Politics

  • Purposeful Action Paid Member

    How can I, one individual in a world of billions, hope to change anything? There are many reasons why this kind of defeatist question comes so easily to us. They include the way we have been brought up, a lifetime of putting up with things that frustrate or dismay us, and painful memories of failed attempts to Do Something. But the fact remains that we are all making a difference all the time. The real problem is that if we’re only affecting things unconsciously then we are probably not producing the effect we would wish for. More »
  • Buddha Buzz: A Rough Week for Monks Paid Member

    It's been a rough week for Buddhist monks. I'm afraid that, if you're still holding on to any bit of romanticism regarding Buddhist monks, young or old, this week's news will crush it. It's been a devastating week news-wise, and it looks like the Buddhist world is no exception. More »
  • Buddha Buzz: The Burmese Holocaust and the Anti-Sexual Abuse Fork Test Paid Member

    Awful news continues to pour out of Burma, where Vice is now reporting that Muslim Rohingya women are being kept hostage in military camps as sex slaves. Since the Rohingya are not considered to be citizens of Burma and therefore have no legal rights, it's not likely that there will be government action to free these women (<--the understatement of the century). According to the Vice article, by journalist Assed Baig, local villagers who live around the camps are "aware that women are being kept as prisoners but are too scared to speak out." More »
  • Buddha Buzz: The Kindness of Roger Ebert and the Magical Effects of Mindfulness Meditation Paid Member

    We're surrounded, today and yesterday, with the deaths of beloved cultural icons. Today is the sixteenth anniversary of Allen Ginsberg's death. And yesterday, as I'm sure you know already, the prolific film critic Roger Ebert passed away at 70 years old. You can read his obit by the Chicago Sun-Times, his home newspaper for almost 50 years, here. More »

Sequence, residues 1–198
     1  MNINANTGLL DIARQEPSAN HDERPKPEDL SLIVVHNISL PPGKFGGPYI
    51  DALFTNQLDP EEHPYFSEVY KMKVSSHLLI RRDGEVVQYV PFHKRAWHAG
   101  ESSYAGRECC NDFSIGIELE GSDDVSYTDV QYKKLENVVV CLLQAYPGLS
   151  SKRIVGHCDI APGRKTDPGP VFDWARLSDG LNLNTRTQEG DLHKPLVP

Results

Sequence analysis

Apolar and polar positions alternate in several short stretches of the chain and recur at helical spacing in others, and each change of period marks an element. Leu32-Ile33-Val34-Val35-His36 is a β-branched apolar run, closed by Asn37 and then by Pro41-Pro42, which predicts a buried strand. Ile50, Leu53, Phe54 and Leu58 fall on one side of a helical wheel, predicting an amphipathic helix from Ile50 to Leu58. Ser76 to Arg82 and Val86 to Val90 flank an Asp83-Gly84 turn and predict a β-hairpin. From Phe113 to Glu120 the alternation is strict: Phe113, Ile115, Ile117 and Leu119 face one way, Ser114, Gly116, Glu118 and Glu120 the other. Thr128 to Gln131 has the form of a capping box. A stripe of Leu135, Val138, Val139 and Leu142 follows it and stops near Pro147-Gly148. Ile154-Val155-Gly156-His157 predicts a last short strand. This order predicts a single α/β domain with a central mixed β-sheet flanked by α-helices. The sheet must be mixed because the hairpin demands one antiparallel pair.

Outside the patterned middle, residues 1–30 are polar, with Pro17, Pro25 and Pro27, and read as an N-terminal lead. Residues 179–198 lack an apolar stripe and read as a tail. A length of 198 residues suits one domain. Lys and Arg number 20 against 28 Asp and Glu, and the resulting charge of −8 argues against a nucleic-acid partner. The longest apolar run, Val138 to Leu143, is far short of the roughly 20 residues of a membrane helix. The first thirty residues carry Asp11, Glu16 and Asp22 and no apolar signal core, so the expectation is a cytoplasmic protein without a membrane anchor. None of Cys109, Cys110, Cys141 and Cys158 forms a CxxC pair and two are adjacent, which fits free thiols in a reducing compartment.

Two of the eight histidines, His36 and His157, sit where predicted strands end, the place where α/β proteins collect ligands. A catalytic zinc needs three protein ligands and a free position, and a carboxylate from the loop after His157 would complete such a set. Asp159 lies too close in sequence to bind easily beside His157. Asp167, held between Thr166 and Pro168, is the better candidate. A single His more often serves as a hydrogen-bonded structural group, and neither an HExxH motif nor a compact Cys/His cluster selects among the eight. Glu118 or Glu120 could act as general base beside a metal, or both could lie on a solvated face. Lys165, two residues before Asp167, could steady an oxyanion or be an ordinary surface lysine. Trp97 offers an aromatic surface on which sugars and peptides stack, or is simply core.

• Bhutan seeks to curb sexual diseases among Buddhist monks Paid Member

    NEW DELHI (RNS) Health officials in the tiny Buddhist kingdom of Bhutan are making condoms available at all monastic schools in a bid to stem the spread of sexually transmitted diseases and HIV among young monks who are supposed to be celibate."We are making condoms freely available everywhere, even in monastic schools and colleges," Bhutan's minister of health, Zangley Drukpa, said in a phone interview. The ministry, he added, has formed a special action group to deal with STDs in monasteries.Warning signs of risky behavior among monks first appeared in 2009, when a report on risks and vulnerabilities of adolescents revealed that monks were engaging in "thigh sex" (in which a man uses another man's clenched thighs for intercourse), according to the state-owned Kuensel daily. More »
  • Treasury of Lives: The Controversy of the Golden Urn Paid Member

    Biography and autobiography in Tibet are important sources for both education and inspiration. Tibetans have kept such meticulous records of their teachers that thousands of names are known and discussed in a wide range of biographical material. All these names, all these lives—it can be a little overwhelming. The authors involved in the Treasury of Lives are currently mining the primary sources to provide English-language biographies of every known religious teacher from Tibet and the Himalaya, all of which are organized for easy searching and browsing. Every Tuesday on the Tricycle blog, we will highlight and reflect on important, interesting, eccentric, surprising and beautiful stories found within this rich literary tradition. The Controversy of the Golden Urn More »